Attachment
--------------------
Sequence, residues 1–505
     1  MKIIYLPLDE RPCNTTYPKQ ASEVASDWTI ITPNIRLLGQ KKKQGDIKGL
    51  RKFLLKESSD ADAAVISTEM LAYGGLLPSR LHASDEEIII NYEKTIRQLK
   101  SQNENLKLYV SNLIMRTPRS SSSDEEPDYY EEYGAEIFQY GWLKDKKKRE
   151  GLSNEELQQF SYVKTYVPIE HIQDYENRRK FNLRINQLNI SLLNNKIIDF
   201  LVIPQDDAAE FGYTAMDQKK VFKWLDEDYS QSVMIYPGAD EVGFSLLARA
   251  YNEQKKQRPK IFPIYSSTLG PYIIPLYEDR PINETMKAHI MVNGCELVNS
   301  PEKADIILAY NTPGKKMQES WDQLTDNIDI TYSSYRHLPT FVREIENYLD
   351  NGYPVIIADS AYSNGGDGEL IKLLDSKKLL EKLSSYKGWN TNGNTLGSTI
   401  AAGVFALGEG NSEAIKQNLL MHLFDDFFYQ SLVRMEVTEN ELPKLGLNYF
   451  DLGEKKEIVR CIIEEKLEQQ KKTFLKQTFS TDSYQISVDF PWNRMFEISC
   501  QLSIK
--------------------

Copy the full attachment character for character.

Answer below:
Sequence, residues 1–505
     1  MKIIYLPLDE RPCNTTYPKQ ASEVASDWTI ITPNIRLLGQ KKKQGDIKGL
    51  RKFLLKESSD ADAAVISTEM LAYGGLLPSR LHASDEEIII NYEKTIRQLK
   101  SQNENLKLYV SNLIMRTPRS SSSDEEPDYY EEYGAEIFQY GWLKDKKKRE
   151  GLSNEELQQF SYVKTYVPIE HIQDYENRRK FNLRINQLNI SLLNNKIIDF
   201  LVIPQDDAAE FGYTAMDQKK VFKWLDEDYS QSVMIYPGAD EVGFSLLARA
   251  YNEQKKQRPK IFPIYSSTLG PYIIPLYEDR PINETMKAHI MVNGCELVNS
   301  PEKADIILAY NTPGKKMQES WDQLTDNIDI TYSSYRHLPT FVREIENYLD
   351  NGYPVIIADS AYSNGGDGEL IKLLDSKKLL EKLSSYKGWN TNGNTLGSTI
   401  AAGVFALGEG NSEAIKQNLL MHLFDDFFYQ SLVRMEVTEN ELPKLGLNYF
   451  DLGEKKEIVR CIIEEKLEQQ KKTFLKQTFS TDSYQISVDF PWNRMFEISC
   501  QLSIK